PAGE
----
Cressida is an archetypal femme fatale, embroiled in a love triangle between her true love, Troilus, and the bad boy, Diomedes. Through the lens of Chaucer, Shakespeare, and the Scottish poet Robert Henryson, discover what makes Cressida tick—why does she send Troilus a “Dear John” letter? What doesn’t she understand about love? x
  • 7
    Beowulf—A Hero with Hidden Depths
    Beowulf is not an easy poem to understand, but Beowulf is not an easy character to understand. Here, analyze how this classic male hero—a big, strong, monster killer—may have a hidden vulnerability. Then, look at what insights Beowulf’s story offers about life and death, the limits of self-reliance, and the path to achieving wisdom. x
  • 8
    Thor—A Very Human God
    Thor may seem like another classic male hero—the god of thunder in Norse mythology and a superhero today—yet the Icelandic poems and stories from the 13th century undercut the image of Thor as a straightforward hero. These amusing tales will give you a new window into a character you thought you knew. x
  • 9
    Robin Hood—The Outlaw Hero
    Who was Robin Hood? He’s an anomaly in this course because his story cannot be traced to a single work or figure. Perhaps because of these gaps in the story, he seems to be a bundle of contradictions. Delve into the politics, religion, and society of Robin Hood’s origins to understand his character and lasting appeal. x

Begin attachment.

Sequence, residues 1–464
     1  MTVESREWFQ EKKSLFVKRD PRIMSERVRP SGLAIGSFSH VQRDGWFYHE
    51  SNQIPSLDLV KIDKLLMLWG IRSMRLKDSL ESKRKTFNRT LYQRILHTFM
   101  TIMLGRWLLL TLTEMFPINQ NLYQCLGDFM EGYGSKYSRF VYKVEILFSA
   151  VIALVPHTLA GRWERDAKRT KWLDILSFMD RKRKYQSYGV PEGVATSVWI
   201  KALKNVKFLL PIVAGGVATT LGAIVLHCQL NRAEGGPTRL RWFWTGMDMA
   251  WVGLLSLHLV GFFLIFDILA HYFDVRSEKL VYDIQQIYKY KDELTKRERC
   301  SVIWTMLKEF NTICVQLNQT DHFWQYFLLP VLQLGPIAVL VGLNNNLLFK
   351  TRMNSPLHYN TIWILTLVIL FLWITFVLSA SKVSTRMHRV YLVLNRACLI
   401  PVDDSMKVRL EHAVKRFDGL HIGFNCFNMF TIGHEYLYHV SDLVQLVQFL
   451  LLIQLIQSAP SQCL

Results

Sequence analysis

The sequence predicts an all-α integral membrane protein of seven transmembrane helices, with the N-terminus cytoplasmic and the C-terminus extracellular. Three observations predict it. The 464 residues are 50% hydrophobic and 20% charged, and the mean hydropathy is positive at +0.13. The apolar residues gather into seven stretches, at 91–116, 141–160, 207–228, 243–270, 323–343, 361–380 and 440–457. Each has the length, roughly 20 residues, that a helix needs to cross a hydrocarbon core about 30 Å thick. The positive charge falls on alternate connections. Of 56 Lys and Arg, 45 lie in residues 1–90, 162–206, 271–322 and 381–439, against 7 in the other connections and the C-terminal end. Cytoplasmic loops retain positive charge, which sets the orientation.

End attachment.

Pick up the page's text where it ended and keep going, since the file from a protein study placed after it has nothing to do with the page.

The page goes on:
• 10
    Don Quixote—The First of the Wannabes
    Turn next to Don Quixote, a wannabe knight-errant whose infamous exploits mark a pivotal moment in the history of literature. Explore his fantastic adventures and meet Sancho Panza, who is perhaps literature’s first antihero. See why this novel is so innovative and how it has influenced writers in the centuries since its publication. x
  • 11
    Robinson Crusoe—A Lone Survivor
    Robinson Crusoe might be the most flawed hero in the course—a colonizer and a slave-owning capitalist. Why, then, is he such an enduring character? Is it the desert-island story? Or is there something inherent in Crusoe’s character, beyond the flaws, that has helped him stand the test of time? x
  • 12
    Elizabeth Bennet—A Proper Pride